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Published
Oct 2, 2020
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Fashion sales to be challenged until late 2023 - McKinsey

Published
Oct 2, 2020

Fashion sales have been devastated so far this year by the impact of the pandemic, but new figures suggest that they won't be seeing a fast bounce-back. In fact, fashion sales aren’t predicted to recover fully in the UK until Christmas 2023.


Fashion sales may not reach 2019 levels for another four years - Photo: Public domain


Recent news that the UK is seeing a second wave of the coronavirus, plus the new restrictions that have been put in place in certain areas being likely to crimp any recovery, all make it a tough time to be in fashion retail.

The prospects of working from home lasting for many months and the Christmas party season being non-existent mean the need to buy new fashion pieces is quite low for many consumers.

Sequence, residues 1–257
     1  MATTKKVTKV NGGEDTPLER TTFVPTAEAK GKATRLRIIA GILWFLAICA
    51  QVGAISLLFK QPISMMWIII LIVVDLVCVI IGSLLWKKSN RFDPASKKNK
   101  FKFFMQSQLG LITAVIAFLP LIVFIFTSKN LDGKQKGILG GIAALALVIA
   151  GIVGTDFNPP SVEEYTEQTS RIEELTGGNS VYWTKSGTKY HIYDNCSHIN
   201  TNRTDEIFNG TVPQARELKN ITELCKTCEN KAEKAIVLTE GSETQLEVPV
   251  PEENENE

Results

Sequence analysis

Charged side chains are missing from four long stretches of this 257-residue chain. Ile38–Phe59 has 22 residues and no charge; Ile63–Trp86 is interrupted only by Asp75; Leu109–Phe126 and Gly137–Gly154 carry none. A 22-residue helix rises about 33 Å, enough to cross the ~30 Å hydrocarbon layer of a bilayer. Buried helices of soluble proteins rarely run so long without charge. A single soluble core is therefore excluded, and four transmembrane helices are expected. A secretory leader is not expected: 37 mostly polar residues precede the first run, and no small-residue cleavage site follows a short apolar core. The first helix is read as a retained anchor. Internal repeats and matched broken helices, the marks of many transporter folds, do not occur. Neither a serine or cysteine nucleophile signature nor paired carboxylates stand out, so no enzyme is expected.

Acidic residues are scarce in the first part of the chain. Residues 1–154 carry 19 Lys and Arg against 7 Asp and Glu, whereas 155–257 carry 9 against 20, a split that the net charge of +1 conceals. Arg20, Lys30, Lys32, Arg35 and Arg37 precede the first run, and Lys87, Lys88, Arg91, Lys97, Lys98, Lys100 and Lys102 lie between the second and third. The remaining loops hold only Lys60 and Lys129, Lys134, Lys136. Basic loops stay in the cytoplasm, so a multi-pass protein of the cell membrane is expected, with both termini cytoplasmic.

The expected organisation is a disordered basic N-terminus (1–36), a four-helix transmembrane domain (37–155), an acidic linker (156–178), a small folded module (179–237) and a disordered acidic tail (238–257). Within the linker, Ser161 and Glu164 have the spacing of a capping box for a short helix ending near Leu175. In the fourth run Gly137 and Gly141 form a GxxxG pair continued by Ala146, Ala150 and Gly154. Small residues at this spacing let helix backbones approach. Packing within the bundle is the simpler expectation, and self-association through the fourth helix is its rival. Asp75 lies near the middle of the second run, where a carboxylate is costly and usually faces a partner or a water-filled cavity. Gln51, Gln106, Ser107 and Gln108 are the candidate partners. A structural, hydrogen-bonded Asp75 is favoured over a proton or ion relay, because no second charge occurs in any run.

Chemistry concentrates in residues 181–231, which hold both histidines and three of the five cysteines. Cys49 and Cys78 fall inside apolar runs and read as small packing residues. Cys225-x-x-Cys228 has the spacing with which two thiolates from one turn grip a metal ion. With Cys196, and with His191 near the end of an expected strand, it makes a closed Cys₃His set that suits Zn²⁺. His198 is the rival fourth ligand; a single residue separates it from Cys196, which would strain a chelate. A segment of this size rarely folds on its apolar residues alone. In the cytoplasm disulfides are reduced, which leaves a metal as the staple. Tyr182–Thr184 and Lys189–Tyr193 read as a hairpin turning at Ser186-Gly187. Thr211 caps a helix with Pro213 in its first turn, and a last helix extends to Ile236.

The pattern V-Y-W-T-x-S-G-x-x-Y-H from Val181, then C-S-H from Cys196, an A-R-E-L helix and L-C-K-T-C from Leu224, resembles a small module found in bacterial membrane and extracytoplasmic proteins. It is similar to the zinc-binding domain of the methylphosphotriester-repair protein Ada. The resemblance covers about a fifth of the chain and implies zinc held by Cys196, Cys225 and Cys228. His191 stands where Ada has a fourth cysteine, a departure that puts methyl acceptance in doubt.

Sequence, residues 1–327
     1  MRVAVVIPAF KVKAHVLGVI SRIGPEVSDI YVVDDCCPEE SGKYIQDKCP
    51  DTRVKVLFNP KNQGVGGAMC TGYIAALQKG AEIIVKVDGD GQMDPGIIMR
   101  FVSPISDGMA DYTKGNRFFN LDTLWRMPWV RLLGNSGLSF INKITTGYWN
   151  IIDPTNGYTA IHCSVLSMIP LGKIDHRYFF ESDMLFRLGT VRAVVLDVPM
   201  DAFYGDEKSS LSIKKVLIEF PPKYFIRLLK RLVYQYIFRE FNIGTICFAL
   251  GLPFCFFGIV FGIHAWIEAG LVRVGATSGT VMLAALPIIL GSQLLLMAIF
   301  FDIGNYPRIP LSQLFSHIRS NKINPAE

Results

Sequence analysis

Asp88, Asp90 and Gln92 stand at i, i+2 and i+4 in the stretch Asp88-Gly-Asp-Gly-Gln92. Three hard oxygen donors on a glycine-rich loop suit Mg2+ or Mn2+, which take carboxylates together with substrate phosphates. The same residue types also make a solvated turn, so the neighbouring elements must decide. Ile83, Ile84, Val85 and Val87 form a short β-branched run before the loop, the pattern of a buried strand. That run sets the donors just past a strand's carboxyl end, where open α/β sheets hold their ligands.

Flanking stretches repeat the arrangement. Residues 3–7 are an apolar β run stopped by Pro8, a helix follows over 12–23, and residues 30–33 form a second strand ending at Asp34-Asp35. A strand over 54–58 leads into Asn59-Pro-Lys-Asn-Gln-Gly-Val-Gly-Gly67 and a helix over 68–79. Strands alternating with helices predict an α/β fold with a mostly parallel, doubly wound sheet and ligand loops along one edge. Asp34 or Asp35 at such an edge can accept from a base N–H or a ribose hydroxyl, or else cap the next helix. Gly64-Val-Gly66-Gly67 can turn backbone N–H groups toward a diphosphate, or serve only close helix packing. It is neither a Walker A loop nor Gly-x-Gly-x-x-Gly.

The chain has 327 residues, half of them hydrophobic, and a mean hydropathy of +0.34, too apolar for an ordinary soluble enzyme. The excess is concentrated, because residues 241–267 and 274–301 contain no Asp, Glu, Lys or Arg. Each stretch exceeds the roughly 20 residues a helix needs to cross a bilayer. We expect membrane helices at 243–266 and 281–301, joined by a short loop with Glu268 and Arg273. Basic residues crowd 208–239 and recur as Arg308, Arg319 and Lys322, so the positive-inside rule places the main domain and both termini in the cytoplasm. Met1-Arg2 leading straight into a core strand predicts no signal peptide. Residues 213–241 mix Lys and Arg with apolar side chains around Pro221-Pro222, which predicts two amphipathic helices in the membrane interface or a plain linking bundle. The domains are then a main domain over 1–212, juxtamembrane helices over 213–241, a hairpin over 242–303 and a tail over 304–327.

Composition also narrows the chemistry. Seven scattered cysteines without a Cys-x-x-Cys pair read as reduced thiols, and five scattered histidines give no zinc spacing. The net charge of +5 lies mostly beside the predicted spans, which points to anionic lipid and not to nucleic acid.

The Telegraph reported that current data from McKinsey shows 43% of people are spending less on clothing than they did before the pandemic. It added that if the virus can’t be successfully contained in the few months ahead, it could take four years before they recover fully.

“[This] will mean a continued shift to shopping online,” Anita Balchandani, a partner at McKinsey specialising in retail told the newspaper.

However, as with all predictions, there’s no certainty around this one and Balchandani added that “the need for self-expression and getting back to some kind of normalcy is starting to take hold.”

She also said any recovery seen so far has been very uneven: “Averages stop mattering in times like this. People are no longer going into multiple retailers on a trip to the high street - instead they go to one specific website or the store of choice, reinforcing a winner-takes-all situation.”

But if the 2023 prediction is correct, it means a number of brands won't survive and those that do make it through will need to think differently.

Balchandani said brands are already adjusting to the demand reset and the channel shift. But McKinsey’s figures also suggest around three-quarters of brands will be “in imminent distress without government help”.

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